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Tuesday, September 24, 2013

The eleventh tip

Thanks to reader M. for pointing out an additional tip for The Discreet Traveler. If you are a person of color, or your name or origin suggests "global south," I am sure this is not news to you:

11. Racial profiling is very, very real. It does not matter what passport you hold or who you're traveling with. If you look or have a name that might belong to a certain nationality or region of the world, expect to be marked for searches wherever you go.

Sad, but true.

Through no merit of my own, I have the privilege of not experiencing this sort of profiling, but on a much lower level, I can sympathize. I have often run up against a disbelief in, even contempt for, acquired nationality. Today, for instance, yet another British person told me "You're not really Canadian," meaning I was born and grew up somewhere else.

I am not quite sure why it is so important to some people to pigeonhole me as one nationality or the other, the way people need to know if a baby is a boy or a girl. Does this person deny the Canadianness of the woman upstairs, who was born in Romania and still sounds Romanian? But this woman and I have Toronto and Canada Day in common, even both took classes from George Brown College.

I said, Well I was Canadian when I moved to the United Kingdom and registered to vote. Commonwealth citizens who live in the UK can vote in elections here; Americans cannot. And I was Canadian when I exchanged my Ontario driver's license for a UK one, something I couldn't have done with a U. S. license.

I was even Canadian during the 2002 Winter Olympics in Salt Lake City, when, like other Torontonians from all over the world, I cheered Canada's hockey teams (women's and men's) to gold medal victories. I wasn't a citizen yet. I didn't have a Canadian passport. But I had pride in a country that I had chosen, and the only country that has ever chosen me.

So yes, some people will question who or what you are, no matter how hard you have worked to achieve it. I guess they don't realize that someone who has gone through a lot to become American or Canadian--maybe even British--may value their new country more than many do who just happen to have been born some place.

Whether you are African-American, Syrian-Canadian, or Pakistani-British, the Discreet Traveler is sorry that the world is this way. Tip: Let's make it better.

Sunday, September 15, 2013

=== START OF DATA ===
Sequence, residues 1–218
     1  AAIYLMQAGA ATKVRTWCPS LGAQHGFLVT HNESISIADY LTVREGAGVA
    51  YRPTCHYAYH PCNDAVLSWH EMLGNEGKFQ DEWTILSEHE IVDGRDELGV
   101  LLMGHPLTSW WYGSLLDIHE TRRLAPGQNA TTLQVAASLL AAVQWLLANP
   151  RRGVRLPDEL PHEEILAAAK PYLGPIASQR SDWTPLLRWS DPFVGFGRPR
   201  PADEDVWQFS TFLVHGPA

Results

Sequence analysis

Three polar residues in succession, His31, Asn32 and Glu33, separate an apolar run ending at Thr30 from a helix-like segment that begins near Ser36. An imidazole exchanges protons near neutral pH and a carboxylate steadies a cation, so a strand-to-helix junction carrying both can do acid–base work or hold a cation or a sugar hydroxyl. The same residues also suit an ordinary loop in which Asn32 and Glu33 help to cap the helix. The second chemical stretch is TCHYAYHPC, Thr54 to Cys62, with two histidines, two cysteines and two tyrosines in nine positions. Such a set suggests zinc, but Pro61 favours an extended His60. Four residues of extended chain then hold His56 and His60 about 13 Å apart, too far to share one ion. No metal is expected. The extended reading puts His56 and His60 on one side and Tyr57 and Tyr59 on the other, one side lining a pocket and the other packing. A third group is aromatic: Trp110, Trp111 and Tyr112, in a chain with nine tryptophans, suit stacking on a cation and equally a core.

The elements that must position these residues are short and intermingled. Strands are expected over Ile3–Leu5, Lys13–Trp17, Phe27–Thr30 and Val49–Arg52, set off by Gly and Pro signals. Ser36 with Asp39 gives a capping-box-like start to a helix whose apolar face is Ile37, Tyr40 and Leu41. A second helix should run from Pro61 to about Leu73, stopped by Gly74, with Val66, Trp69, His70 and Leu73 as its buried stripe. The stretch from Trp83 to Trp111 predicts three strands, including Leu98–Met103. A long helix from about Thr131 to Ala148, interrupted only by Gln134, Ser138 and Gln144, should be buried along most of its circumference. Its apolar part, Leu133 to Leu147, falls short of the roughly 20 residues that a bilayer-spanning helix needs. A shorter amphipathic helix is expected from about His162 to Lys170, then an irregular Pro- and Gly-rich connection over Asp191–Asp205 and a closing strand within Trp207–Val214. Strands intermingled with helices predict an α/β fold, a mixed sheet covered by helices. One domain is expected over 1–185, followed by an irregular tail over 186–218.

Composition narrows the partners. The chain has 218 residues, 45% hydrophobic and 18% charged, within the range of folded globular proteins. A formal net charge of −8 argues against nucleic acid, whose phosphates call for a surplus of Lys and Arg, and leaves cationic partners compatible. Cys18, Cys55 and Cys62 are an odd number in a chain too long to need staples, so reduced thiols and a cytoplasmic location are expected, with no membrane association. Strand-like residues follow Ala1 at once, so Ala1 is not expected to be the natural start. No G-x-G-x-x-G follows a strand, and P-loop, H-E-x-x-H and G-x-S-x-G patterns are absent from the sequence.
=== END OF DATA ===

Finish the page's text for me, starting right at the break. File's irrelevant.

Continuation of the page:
Top 10: Crossing borders

UK colleague, approaching U.S. immigration officer with her then-fiancé.
IO: What is the purpose of your visit to the United States?
UK: For a holiday, plus, we're getting married while we're here.
IO: Do you have any intention of staying longer than you're allowed to?
UK (looking at him like he is a nutjob): And pay for health care?!
IO: Good point. Next!
This same colleague, on another occasion, was asked by the U.S. IO what she did back in the UK. She was a bank manager. I guess the IO decided someone who was a bank manager in the UK was unlikely to harbor secret ambitions to work in her cousin’s gas station in America.

One of the key goals of The Discreet Traveler is to visit different countries, as easily as possible. The first step in doing this is usually “immigration”—the officers who are in charge of letting people into their country, or not. These officers are called various things depending on where they are in the world. For the purposes of this post, immigration officer (IO) refers to them.

If you’re a typical traveler, you’re just planning to visit a different country from where you live, not “immigrate” there. So it may not make sense to think of going through “immigration.” The first step of your trip, though, is getting into that other country, and these are the guys (and gals) who will let you in, or have the power to keep you out of it. Since many different rules and unwritten understandings govern the way IOs do their job, and your goal is to get past them quickly and lawfully, it will save you much time and heartache to think the way they do.

If you’ve traveled a lot, and had many different experiences at many different borders, some of them are bound to have been less pleasant than others. You may have developed views about IOs in general, or those of one country in particular, that are less than positive. You may even believe that many of the laws and regulations of international travel are ridiculous, that people should be freer to travel than we currently are—and The Discreet Traveler has sympathy for these views. Nonetheless, thinking like an IO, no matter how contrary to your personal opinions, will make your life easier. It is for that reason that I have these tips for you here—not because I necessarily agree with them.

An IO thinks in a certain way because it is his or her job. IOs have a great deal of individual discretion to let you into a country, or not. Having a visa, or a visa waiver, or a passport from a particular country does not guarantee that the country you’re visiting will let you in—only the IO can decide this. You can think this system is fair or not. The point is, make your life easier by acknowledging the way IOs do their job.